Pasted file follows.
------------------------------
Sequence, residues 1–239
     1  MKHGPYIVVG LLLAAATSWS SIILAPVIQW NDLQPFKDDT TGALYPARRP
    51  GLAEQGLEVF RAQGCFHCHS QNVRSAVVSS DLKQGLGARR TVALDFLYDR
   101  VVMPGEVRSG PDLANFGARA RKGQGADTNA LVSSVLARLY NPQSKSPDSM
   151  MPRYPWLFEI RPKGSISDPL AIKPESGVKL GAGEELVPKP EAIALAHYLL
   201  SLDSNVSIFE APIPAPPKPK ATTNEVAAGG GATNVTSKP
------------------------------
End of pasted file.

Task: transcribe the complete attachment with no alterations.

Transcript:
Sequence, residues 1–239
     1  MKHGPYIVVG LLLAAATSWS SIILAPVIQW NDLQPFKDDT TGALYPARRP
    51  GLAEQGLEVF RAQGCFHCHS QNVRSAVVSS DLKQGLGARR TVALDFLYDR
   101  VVMPGEVRSG PDLANFGARA RKGQGADTNA LVSSVLARLY NPQSKSPDSM
   151  MPRYPWLFEI RPKGSISDPL AIKPESGVKL GAGEELVPKP EAIALAHYLL
   201  SLDSNVSIFE APIPAPPKPK ATTNEVAAGG GATNVTSKP